07 February 2012 ~ 0 Comentarios

Venezuela: Out! Out! Out!

By Carlos Alberto Montaner

Maria Corina

(THE MIAMI HERALD) María Corina Machado has written an open letter to Fidel Castro that has shaken cyberspace. I must have received 300 copies since it began to circulate through the Internet. It doesn’t go unread.

María Corina is a 45-year-old Venezuelan engineer, an expert in business matters, an anti-Chávez deputy, the mother of three and a candidate to lead her country’s democrats in the Feb. 12 primary elections, when the opposition will choose, from among five politicians, the single figure who will confront Chávez in the Oct. 7 elections — if he’s still alive by then.

Recently, Machado gained international notoriety when she interrupted and responded devastatingly to President Hugo Chávez’s marathon speech to the legislative assembly. Nevertheless, Henrique Capriles Radonski, the governor of Miranda state, remains at the head of all the polls I’ve seen, followed closely by Pablo Pérez, the young governor of Zuliá state.

Apropos the deputy’s intervention, Castro, in one of the articles he occasionally publishes under the title of Reflection s, entered the Venezuelan debate, attacking María Corina and defending his disciple, Chávez, from the accusation of “thief,” an impossible task, given the degree of corruption and impunity seen in the country.

Transparency International is an organization that measures the levels of corruption in the public sector worldwide. In its ranking of 176 countries, Venezuela occupies 164th place. It is the rottenest country in Latin America. Even more than Haiti (146), the second-most corrupt nation in the region. This ranking proves that the deputy is right and challenges President Chávez’s honor. If he doesn’t stop the corruption it’s because it would be his illegal way to exercise power; if he doesn’t prosecute it, it’s because he’s ignorant of its existence. Either way, it would be proof that he cannot continue to lead the country.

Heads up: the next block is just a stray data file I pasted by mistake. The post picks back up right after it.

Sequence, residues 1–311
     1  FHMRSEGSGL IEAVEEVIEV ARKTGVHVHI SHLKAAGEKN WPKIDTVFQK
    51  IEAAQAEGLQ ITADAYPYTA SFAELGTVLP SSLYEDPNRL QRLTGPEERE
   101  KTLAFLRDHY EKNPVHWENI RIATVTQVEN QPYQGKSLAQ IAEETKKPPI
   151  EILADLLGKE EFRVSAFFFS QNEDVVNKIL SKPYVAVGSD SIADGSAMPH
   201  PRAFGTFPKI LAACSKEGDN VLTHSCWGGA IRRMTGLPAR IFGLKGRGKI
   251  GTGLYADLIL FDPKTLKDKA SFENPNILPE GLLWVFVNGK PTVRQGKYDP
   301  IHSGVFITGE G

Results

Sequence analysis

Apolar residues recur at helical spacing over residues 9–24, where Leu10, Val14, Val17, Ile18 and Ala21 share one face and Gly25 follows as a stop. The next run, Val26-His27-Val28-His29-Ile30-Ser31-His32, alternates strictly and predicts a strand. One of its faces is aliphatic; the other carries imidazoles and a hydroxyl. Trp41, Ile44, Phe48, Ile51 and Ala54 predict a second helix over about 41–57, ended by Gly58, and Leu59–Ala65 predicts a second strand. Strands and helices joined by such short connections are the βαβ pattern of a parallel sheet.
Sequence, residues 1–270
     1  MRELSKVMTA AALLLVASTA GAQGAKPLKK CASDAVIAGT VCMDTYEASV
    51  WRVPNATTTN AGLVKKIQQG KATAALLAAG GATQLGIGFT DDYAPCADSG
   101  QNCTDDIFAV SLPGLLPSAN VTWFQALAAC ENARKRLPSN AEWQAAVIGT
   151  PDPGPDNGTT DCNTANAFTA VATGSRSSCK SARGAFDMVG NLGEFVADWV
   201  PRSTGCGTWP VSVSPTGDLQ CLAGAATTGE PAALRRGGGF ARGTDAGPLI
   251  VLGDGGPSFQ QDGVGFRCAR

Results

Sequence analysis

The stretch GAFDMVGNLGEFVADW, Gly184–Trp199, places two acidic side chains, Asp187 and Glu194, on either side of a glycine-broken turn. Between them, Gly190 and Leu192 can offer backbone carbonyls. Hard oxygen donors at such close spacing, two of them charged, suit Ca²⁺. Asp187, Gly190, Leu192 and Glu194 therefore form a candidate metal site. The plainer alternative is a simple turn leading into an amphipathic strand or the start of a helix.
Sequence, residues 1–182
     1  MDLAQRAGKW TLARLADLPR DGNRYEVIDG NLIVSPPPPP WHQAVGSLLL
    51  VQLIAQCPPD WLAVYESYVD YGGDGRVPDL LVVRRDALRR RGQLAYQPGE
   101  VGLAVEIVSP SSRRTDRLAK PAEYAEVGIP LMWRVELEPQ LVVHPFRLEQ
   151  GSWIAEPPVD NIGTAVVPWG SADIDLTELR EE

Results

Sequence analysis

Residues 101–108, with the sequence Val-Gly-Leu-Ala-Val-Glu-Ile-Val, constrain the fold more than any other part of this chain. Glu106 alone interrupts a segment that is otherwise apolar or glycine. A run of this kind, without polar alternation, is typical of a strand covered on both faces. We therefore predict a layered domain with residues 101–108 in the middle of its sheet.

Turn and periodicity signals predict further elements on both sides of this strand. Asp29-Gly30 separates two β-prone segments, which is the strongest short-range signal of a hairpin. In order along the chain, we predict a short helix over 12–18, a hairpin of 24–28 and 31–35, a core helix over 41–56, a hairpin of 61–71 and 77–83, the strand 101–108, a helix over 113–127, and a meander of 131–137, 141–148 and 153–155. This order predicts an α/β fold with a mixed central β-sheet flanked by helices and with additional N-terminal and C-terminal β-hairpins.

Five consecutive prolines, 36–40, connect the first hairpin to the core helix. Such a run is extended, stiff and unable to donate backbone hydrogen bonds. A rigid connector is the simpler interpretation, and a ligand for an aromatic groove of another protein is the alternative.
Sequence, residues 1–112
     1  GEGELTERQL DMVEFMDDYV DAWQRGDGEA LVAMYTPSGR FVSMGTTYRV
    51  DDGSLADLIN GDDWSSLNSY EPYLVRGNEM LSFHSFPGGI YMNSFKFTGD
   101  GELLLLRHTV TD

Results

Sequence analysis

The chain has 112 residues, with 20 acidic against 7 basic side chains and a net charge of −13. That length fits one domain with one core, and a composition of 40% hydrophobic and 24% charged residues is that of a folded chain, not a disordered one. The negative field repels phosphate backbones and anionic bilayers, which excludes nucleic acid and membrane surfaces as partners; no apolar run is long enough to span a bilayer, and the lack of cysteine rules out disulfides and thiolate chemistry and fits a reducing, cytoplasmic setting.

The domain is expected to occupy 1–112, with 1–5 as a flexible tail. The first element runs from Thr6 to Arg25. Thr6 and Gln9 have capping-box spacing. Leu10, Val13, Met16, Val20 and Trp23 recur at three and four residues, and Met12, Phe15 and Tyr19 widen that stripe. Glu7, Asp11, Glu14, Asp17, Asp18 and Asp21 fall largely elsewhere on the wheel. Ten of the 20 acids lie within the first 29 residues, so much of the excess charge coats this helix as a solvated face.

In any case, the Venezuelans’ enthusiasm over the deputy’s letter to Fidel Castro is not because of what she told Chávez, but because of what she tells “the Cubans.” María Corina reproaches the c omandante for the 110,000 barrels of oil that her country delivers to Cuba every day without any hope of collecting their value. She reminds him of the numerous fraudulent international sales to Venezuela, triangulated through Havana with no purpose other than to fill the Cuban coffers at the expense of the sacrifices of Venezuelan workers.

She condemns the crass interference of Cuba’s political police and army in its rich South American colony, but warns Fidel Castro that he mustn’t forget that, when in the past the Cuban regime infiltrated guerrillas and saboteurs into her country, the then-democratic governments and the National Armed Forces totally defeated those subversive attempts, something that will happen again in the future.

The warm popular reaction to the deputy’s letter demonstrates the Venezuelans’ deep disgust toward the type of colonial relationship established between Cuba and Venezuela by decision of Hugo Chávez, even against the opinion of many Chavistas who see those ties as humiliating and inexplicable.

It is the first time in history that a nation that’s richer, more powerful, bigger, more populous, developed and educated voluntarily subordinates itself to the orders and interests of another nation — poor, marginal and failed — that exploits it viciously.

And this is not a political perception by the opposition but a logical popular feeling, expressed in multiple ways. On YouTube there is, for anyone who wishes to see it, an amateur video recently made at Maiquetía Airport in Caracas that reflects that deep anti-Cuban feeling that is germinating in the hearts of Venezuelans.

It shows the angry reception given to a large Cuban delegation that arrived in Venezuela wearing T-shirts with the image of Che Guevara. Suddenly, spontaneously, a few Venezuelan employees, travelers and others — then dozens, later hundreds — began to shout “Out! Out! Out!” to the perplexity of the Cubans, who didn’t expect they would be greeted by shouts, with the fury shown by servants to their masters when the moment of liberation comes.

To Raúl Castro, the end of Chavismo , through either the lieutenant colonel’s demise or an unstoppable political defeat, will mean a dangerous economic and political misfortune. He can’t even rule out a kind of Caribbean Dunkirk boatlift, the urgent evacuation of tens of thousands of Cubans embedded in Venezuela’s public machinery who would have to be protected from the people’s ire.

If that happens, he knows that the Cubans will leave escorted by the visceral shout the Venezuelans have been practicing at the top of their lungs: “Out!”

Leave a Reply